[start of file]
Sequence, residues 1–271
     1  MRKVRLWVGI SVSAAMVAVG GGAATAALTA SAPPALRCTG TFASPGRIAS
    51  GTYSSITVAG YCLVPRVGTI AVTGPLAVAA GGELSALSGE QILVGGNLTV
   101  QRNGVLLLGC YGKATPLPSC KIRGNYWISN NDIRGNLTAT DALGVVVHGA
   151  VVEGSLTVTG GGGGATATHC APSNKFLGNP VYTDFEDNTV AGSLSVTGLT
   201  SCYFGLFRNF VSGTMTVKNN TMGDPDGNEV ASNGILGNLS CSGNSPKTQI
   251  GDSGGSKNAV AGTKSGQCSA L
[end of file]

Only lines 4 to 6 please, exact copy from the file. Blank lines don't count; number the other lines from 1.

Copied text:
   101  QRNGVLLLGC YGKATPLPSC KIRGNYWISN NDIRGNLTAT DALGVVVHGA
   151  VVEGSLTVTG GGGGATATHC APSNKFLGNP VYTDFEDNTV AGSLSVTGLT
   201  SCYFGLFRNF VSGTMTVKNN TMGDPDGNEV ASNGILGNLS CSGNSPKTQI